Things settled into a comfortable rut at this point. Mr. Who, Dr. Fate's new arch-nemesis, debuted in #73, and brought with him some degree of the fantastic. There were other weird criminals, and even a story that recalled the early days of the strip with a world within a painting. However, there was no escaping that there was absolutely nothing special about Dr. Fate. In fact, he had even surrendered the cover slot he had usurped from the Spectre. Green Arrow had replaced him, and while GA didn't keep the spot to himself for very long, Dr. Fate would never again get the spotlight in the magazine that birthed him.
Whether it was an attempt to counteract this perceived staleness or just a weird brainstorm, readers were promised in the blurb at the end of #84's installment the chance to "meet a new Doctor Fate!" in the next issue. What, another one? While I had hoped to keep this review at two parts, this seems like the point where I should stop in the interest of actually finishing this entry. In our concluding chapter, we'll look at how Dr. Fate's journey through the Golden Age ended.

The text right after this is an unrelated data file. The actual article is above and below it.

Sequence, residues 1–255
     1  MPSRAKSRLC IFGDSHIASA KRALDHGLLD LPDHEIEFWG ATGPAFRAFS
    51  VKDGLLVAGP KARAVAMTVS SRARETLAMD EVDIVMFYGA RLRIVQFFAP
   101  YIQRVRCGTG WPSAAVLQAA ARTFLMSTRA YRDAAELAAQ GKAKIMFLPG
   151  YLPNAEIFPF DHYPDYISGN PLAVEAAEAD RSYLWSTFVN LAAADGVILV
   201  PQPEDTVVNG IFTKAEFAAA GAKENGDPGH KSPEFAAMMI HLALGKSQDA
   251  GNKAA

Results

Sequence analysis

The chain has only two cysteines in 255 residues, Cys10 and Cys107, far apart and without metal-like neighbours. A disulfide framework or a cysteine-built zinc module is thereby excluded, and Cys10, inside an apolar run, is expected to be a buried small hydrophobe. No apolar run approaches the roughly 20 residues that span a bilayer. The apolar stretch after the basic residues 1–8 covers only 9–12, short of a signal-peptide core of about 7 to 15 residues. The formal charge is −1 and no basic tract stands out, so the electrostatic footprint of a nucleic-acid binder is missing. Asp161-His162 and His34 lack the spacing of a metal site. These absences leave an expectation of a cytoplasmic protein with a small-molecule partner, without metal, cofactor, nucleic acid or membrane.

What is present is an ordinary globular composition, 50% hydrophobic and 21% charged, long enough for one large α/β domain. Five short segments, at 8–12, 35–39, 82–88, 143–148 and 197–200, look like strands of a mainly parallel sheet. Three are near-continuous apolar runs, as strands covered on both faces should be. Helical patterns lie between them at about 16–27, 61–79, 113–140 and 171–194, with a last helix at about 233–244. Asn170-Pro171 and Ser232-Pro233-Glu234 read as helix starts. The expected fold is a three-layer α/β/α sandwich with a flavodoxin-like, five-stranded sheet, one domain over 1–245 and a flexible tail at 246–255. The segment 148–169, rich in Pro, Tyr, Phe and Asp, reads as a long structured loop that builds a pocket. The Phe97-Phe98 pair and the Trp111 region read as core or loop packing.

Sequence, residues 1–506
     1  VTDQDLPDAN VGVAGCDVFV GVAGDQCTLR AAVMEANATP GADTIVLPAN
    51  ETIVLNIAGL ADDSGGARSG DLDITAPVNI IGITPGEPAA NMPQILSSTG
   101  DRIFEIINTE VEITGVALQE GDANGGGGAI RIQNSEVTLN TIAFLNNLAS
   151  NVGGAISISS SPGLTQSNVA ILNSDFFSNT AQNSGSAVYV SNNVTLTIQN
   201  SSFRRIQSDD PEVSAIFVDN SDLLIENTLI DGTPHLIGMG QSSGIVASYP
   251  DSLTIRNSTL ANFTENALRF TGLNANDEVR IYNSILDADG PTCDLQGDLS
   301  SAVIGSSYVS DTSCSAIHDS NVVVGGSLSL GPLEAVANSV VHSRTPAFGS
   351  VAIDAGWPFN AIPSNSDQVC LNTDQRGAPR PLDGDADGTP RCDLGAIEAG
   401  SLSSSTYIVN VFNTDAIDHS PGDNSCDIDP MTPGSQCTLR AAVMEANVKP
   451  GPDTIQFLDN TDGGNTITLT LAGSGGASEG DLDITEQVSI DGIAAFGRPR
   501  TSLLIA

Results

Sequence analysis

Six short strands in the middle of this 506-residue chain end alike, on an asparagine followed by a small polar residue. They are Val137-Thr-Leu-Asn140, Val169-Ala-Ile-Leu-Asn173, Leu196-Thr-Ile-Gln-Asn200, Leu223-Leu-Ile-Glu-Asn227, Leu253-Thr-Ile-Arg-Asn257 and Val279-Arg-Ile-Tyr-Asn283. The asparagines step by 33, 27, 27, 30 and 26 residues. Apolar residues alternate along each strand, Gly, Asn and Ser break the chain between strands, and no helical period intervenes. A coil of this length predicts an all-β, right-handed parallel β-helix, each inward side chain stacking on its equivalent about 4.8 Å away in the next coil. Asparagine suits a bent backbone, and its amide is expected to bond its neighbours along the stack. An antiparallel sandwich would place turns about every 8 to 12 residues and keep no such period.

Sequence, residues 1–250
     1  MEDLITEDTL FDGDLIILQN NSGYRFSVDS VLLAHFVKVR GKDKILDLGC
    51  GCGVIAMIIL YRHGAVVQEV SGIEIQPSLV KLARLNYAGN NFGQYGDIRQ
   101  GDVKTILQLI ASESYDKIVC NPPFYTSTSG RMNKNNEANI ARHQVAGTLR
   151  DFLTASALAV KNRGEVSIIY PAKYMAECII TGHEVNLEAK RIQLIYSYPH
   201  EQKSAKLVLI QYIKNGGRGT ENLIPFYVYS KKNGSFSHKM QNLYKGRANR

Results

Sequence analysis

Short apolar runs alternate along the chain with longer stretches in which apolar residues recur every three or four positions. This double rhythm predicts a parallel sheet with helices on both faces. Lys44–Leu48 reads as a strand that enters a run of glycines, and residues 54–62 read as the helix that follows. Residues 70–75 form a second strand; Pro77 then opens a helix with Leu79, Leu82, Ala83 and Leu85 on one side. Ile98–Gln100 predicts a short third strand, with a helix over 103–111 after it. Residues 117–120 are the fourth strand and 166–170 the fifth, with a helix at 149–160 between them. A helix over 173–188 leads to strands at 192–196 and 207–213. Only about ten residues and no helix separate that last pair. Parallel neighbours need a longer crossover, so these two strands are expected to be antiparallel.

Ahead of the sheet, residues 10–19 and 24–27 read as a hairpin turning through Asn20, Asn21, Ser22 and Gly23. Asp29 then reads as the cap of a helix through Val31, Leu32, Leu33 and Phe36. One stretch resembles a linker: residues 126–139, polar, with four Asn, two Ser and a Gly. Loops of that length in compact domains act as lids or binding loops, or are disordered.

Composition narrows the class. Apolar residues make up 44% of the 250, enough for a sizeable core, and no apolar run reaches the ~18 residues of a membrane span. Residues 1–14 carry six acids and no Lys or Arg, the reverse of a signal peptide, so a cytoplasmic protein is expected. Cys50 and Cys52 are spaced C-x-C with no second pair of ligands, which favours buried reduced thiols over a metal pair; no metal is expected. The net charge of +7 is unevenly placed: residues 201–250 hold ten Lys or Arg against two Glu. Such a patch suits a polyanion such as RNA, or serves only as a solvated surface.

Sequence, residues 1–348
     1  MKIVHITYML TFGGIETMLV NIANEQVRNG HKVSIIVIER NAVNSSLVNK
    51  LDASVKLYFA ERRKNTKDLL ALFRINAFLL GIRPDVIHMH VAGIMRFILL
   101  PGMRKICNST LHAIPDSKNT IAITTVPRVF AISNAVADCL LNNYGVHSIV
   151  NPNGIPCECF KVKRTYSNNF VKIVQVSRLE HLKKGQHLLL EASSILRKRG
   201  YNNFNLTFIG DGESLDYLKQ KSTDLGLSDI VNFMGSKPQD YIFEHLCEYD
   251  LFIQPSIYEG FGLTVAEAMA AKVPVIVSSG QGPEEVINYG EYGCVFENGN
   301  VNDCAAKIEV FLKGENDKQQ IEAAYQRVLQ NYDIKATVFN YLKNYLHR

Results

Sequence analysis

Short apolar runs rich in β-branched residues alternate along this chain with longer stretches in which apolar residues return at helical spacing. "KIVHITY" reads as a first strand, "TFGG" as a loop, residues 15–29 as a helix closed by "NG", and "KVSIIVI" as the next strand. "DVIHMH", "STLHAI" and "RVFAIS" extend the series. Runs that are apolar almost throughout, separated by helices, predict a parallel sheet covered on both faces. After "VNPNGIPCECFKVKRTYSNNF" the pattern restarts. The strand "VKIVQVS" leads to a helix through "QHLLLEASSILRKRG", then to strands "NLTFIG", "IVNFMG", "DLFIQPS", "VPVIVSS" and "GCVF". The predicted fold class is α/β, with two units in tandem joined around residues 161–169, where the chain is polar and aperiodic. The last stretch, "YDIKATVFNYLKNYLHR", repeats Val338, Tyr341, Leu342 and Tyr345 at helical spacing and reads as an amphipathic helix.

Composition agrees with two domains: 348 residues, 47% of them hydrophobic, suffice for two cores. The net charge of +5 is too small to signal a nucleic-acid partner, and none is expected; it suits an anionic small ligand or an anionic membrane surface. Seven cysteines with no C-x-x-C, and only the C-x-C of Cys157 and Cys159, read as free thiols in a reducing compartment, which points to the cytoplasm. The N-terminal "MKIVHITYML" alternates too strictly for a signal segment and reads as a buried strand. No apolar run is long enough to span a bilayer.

Friday, February 10, 2012
Not only do I own a copy of K-Tel's Hot Tracks on vinyl, but I bought it in the 1980s! Specifically, it was purchased at the late, lamented Kinder Wal-Mart in the era before that company became a sprawling behemoth threatening to consume all. But, I digress.
Most of the K-Tel I picked up back in the day was either on cassette or (gasp!) 8-track, so having the record for Hot Tracks was something of an anomaly even then. My best guess is that I wanted it, and vinyl was my only option. Still, that's not too bad a compromise, all things considered.
Well, as it turns out, it was. I've read that K-Tel records are notorious for being easily damaged, and I can confirm that mine developed a skip relatively early in its life. I don't think I ever had another LP get damaged on that reliable old record player I was using, so I will blame K-Tel for this. It was pretty galling at the time, but needless to say, I got over it.